Apple’s iPad could make it the king of old media, arbiter of taste and technology alike. So magazines and newspapers have begun a series of countermoves that could turn the quietest dogfight in media into the most vicious.
In one sense, the iPad‘s January unveiling was a nerd climax, a landmark for obsessive gadget freaks. But in another it was one in a series of Apple chess movies that will determine how much influence the company wields over the future of magazines and newspapers. If the tablet device and Apple’s associated online shops become popular enough, the company could have a chokehold over publishing technology and content itself. It could become as central to the future of print media as it has become to the future of music, where Apple’s iTunes Store dominates online sales. And it could use that position to promote its preferred technologies over those of rivals, most notably Adobe’s Flash animation software, now ubiquitous on websites.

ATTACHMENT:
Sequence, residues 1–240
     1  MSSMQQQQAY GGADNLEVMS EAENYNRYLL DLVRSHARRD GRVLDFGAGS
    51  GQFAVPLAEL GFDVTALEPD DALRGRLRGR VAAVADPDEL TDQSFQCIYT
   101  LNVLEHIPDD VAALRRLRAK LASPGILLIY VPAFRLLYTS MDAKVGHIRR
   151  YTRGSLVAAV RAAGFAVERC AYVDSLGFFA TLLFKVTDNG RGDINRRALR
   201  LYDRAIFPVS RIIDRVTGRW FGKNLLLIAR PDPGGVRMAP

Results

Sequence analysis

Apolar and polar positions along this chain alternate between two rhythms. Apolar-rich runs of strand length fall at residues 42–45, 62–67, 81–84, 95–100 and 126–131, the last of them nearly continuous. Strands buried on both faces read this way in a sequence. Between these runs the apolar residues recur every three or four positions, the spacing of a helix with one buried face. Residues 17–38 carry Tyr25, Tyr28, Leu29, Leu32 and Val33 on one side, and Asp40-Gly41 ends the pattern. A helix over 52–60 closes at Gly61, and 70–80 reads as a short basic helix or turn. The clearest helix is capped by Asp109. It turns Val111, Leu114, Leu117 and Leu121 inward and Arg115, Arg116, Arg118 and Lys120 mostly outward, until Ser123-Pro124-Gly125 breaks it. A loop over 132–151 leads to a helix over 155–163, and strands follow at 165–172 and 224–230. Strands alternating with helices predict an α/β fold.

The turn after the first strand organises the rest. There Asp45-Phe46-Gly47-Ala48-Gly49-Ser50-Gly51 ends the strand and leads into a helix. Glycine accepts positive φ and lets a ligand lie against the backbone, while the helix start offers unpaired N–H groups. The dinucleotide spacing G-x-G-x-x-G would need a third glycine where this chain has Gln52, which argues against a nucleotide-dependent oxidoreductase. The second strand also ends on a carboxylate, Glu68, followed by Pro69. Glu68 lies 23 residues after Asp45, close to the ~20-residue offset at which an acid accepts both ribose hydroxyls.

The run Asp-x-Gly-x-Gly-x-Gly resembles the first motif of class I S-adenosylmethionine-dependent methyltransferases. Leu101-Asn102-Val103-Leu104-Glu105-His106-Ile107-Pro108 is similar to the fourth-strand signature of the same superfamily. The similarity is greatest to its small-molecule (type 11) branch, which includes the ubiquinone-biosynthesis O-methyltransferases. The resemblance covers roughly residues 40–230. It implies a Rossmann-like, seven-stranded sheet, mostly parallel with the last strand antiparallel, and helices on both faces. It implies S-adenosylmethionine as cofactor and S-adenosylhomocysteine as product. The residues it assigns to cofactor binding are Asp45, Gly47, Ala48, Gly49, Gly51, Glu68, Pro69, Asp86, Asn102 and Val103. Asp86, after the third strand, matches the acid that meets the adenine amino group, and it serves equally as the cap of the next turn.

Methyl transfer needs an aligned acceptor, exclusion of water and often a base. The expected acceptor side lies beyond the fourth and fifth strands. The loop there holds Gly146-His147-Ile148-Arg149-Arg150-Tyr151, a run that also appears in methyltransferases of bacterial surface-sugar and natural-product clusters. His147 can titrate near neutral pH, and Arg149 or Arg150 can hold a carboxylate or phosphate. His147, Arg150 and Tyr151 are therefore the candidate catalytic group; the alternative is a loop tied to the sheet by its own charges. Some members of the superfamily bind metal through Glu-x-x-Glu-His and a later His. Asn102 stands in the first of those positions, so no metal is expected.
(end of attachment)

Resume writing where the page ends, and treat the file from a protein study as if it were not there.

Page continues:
But Apple is but one player in this game; old media are making moves of their own. Apple’s refusal to work with Adobe, whose software is central to most art departments, makes publishers uneasy.
- Time to de-Flash your site? (macworld.com)